A centre of trade, commerce and culture for three millennia, Naples is one of the oldest urban centres in the world. Sprawled across the northern shore of one of the Mediterranean’s most perfect bays and overlooked to the east by the brooding presence and smoking summit of Mount Vesuvius, this Italian port city and its environs have also been a playground for at least 2,000 years – prior to their destruction in the eruption of 79 CE, the settlements of Pompeii and Herculaneum (the latter site now built over by the Neapolitan suburb of Ercolano) were both popular resorts for wealthy Roman tourists.
But if this inspirationally beautiful region still draws visitors in their droves – they flock to nearby Sorrento, the Amalfi coast and the island of Capri, all justly famous for their intense light, blue skies, shimmering sea, multicoloured villages that cling to coastal cliffs, and the heady scents of flowers and ubiquitous lemon blossom – Naples itself suffers from what might politely be called an image problem. True, its historic centre, which was added to the Unesco World Heritage list in the 1990s, remains a fabulous living repository of churches and catacombs, palazzi, piazze and parks, and theatres and galleries. Granted, too, it’s currently in the throes of a renaissance and is emerging as a focal point of artistic creativity; it’s also the cradle of a strain of dandified masculine style. But this pullulating entity does suffer from a reputation as a hotbed of poverty and crime, which lends a certain frisson to the old town’s narrow, shaded alleyways and hardly serves as an encouragement to visit.
Whether justifiable or not – and I’d venture the city is no more dangerous than many popular destinations in southeast Asia that we fly into without a second thought – negative perceptions of Naples are hardly recent. Since the late 19th century, its grandest hotels have mostly been located at a safe distance from the grittier neighbourhoods, in affluent quarters such as Santa Lucia and Chiaia, which lie a kilometre or so to the west of the Castel Nuovo fortress and port area. Indeed, until very recently that long stretch of working waterfront – busy but down-at-heel like so many docklands around the world – would feature only on tourists’ itineraries if they were disembarking from a cruise liner, or boarding ferries bound for Capri, Ischia or Procida.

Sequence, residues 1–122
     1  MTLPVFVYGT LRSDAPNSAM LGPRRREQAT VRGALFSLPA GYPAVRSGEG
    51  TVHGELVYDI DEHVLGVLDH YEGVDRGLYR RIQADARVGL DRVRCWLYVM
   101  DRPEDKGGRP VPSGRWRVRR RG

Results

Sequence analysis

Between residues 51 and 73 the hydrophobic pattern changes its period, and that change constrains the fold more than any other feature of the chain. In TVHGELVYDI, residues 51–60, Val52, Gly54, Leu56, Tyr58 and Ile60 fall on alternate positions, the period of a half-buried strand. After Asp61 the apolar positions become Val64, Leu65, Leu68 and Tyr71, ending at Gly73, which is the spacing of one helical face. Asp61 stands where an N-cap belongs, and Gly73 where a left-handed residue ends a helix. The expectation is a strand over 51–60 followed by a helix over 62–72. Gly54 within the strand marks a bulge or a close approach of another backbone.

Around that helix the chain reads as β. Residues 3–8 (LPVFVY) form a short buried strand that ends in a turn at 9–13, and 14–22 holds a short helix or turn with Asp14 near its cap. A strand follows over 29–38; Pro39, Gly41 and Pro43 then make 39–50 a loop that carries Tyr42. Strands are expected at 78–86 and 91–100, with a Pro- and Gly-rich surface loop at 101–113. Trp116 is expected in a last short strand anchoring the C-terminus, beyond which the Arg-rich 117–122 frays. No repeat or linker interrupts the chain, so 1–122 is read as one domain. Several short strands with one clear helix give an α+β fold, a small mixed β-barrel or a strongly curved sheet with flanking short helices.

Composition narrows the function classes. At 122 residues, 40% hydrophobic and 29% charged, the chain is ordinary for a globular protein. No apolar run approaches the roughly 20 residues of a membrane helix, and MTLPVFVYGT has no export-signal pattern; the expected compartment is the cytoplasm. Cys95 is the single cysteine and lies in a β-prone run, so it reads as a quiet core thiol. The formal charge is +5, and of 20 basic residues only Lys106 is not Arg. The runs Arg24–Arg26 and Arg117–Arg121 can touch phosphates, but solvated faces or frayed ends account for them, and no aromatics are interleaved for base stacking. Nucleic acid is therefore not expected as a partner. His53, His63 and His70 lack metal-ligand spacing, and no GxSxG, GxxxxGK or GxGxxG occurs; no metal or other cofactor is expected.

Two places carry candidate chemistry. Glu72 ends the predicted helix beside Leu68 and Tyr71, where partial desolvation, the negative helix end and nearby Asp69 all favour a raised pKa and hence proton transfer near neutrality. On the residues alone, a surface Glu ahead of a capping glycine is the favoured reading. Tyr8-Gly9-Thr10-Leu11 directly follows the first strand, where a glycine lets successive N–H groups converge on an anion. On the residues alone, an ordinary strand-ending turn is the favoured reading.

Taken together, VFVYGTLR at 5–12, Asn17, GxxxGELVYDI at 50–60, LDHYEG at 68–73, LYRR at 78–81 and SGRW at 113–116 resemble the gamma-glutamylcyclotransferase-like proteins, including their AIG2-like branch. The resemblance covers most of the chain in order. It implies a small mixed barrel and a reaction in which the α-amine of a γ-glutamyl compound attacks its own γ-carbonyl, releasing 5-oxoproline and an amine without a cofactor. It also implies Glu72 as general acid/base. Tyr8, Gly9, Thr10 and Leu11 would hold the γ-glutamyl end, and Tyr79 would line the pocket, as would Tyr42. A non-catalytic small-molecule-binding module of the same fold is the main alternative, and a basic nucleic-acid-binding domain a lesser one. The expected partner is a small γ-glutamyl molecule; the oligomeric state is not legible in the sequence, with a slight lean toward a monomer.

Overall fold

That, however, changed markedly when, some 10 years ago and in what some might have said was an act of extreme bravery, the Hotel Romeo opened on Via Cristoforo Colombo, right across the street from the port. It’s housed in what was originally a severe and functionalist edifice that served as the headquarters for the shipping magnate and politician Achille Lauro. For this radically different incarnation, however, the building was transformed by Tange Associates of Tokyo into a boldly imaginative, glass-clad, 10-storey palace of contemporary style and luxury – a boutique property that’s quite unlike any other place to stay in the city.
Stepping into the lobby, the assemblage of colourful art works and objets d’art, gleaming surfaces, water features, a bonsai tree and an overall air of eclectic extravagance are in stark contrast to the scruffy surrounds – though that only adds to the Romeo’s exotic appeal. Although the hotel comprises just 82 guestrooms and suites, its owner has found room for a ground-floor games area just behind reception, where in addition to a black lacquer pool table he’s seen fit to install a vintage slot machine and juke box (there’s also a spa housed in an adjacent 15th-century palazzo and reached by an underground passageway, where the amenities include a salt room – of course). If it’s all a little bit mad, it’s equally rather wonderful.
Much the same goes for the guestrooms, with their gallimaufry of highly polished zebrawood floors and fittings, wooden window blinds, Poltrona Frau rocking chair, glass bathrooms and a mind-boggling array of high-tech amenities including lights that brightly illuminate whenever you step into the loo – something I never quite got used to at three o’clock in the morning. My only real gripe, however, concerned the view, which from my fourth-floor perch was partly obscured by an ugly warehouse – the moral being that if you wish to savour what is otherwise a sensational panorama of the harbour, the bay and Vesuvius, you must book a room on the highest floor possible.
Viewpoints that are totally unobstructed in the Romeo include window seats in the evenings-only top-floor Il Comandante restaurant (another reason for visiting being superb Mediterranean cuisine that currently holds a Michelin star) and the small ninth-floor swimming pool. Or you can splash out on the hotel’s Skyline Suite, where they even throw in a mini-spa for good measure.
You’ve probably guessed that I loved my stay at the Hotel Romeo and revelled in its easygoing eccentricities. Its staff could not have been more charming or helpful, and its waterfront position – an easy walk from both ferry piers and the historic centre – only heightened my enjoyment of this engaging bolthole. In fact, you could hardly imagine a more perfect refuge from the vibrant, chaotic streets outside.
As for Naples itself, if you haven’t already added it to the bucket list, it really is time to reach for that pen.